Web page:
One of my sharpest lenses is the Micro-Nikkor Auto 55 mm f/3.5, from 1967. This lens has a peculiar compensating aperture mechanism, which means the aperture changes its effective setting when the lens is focused. The idea was to give the effective aperture corresponding to the magnification rate of the lens. This works like a charm of course when a separate hand-held meter is used for metering, and the lens set to the indicated aperture value. However, coupled to a TTL system metering with the lens wide open, the wrong exposure would result, because the lens would inform the meter of its nominal setting while in fact a compensated setting was used. The circuitry found inside today's Micro-Nikkors solves this problem and communicate the effective aperture to the camera, so no issue exists (with the possible exception on the user's behalf, because people fail to understand why a setting of f/2.8 at infinity is displayed as f/5 at 1:1 with AF Micro-Nikkor 105 lens. Instead of reading the instruction sheets accompanying their lens, they post silly questions on the Internet).

Anyhow, I had the old compensating-type 55 mm Micro-Nikkor, which could not be used on any of my digital cameras even if AI-modified, and the dedicated "M" extension tube for it. The M ring, superceded by M2 and later the PK13 extension tube, then underwent cybernetic surgery by adding the chip print from a pedestrian 28-80 Nikkor, and the metal lens mount from a 35-70 AF Nikkor (both Nikkors were scavenged from the scrap heap of my Nikon repair facility so came free. Most repair shops should be able to supply the needed parts). Which chip used isn't important, but getting the chip grafted onto the ring is paramount. Any extension ring could be used as long as there is space to encompass the chip print board. If you replace the ring's lens mount with a new already outfitted for mounting the contact points (see below), the task is eased considerably.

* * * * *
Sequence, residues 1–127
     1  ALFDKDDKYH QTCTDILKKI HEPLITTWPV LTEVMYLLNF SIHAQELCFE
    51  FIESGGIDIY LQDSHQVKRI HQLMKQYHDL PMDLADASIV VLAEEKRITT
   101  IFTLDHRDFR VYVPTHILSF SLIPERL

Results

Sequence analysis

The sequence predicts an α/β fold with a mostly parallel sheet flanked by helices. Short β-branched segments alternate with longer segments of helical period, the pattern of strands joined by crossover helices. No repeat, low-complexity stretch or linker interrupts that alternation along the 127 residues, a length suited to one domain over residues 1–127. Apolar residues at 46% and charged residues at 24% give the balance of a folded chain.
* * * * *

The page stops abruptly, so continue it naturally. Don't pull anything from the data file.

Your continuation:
A rear view of the M extension ring, showing the contacts for the (faked) electronic communication between the ring and camera. The lens mount originates from a wrecked AF 35-70 Nikkor, given to me for free. Its CPU was faulty, so I replaced it with a print from an AF 28-80, another plastic-fantastic lens crashed beyond any hope of repair.

Also note I have removed the ubiquitous aperture coupling lever. This is essential to enforce stopped-down metering with any master lens mounted on the M ring.


A view into the interior of the M extension ring, to show how the chip and print are tucked away so as not to interfere with the shooting. A few judiciously applied drops of superglue keep everything into position. I might spray the print with flat black paint in the future. (As events later turned out, I simply tucked some black flock fabric inside the tube, it worked just great to prevent any internal reflections).

Well, that's about it. With the CPU in the modified M ring, communication to the camera can be established and the camera is in no position to understand it has been deceived. Put the aperture on your lens to any suitable setting, and the camera's meter will track the alterations in light levels. Switch to matrix, spot, or centre-weighted metering to your heart's pleasure. Even the latest development, DTTL flash, will work, but obviously not in "D" mode because no distance data can be relayed from the extension ring, even when a "D"-type chip is placed inside it.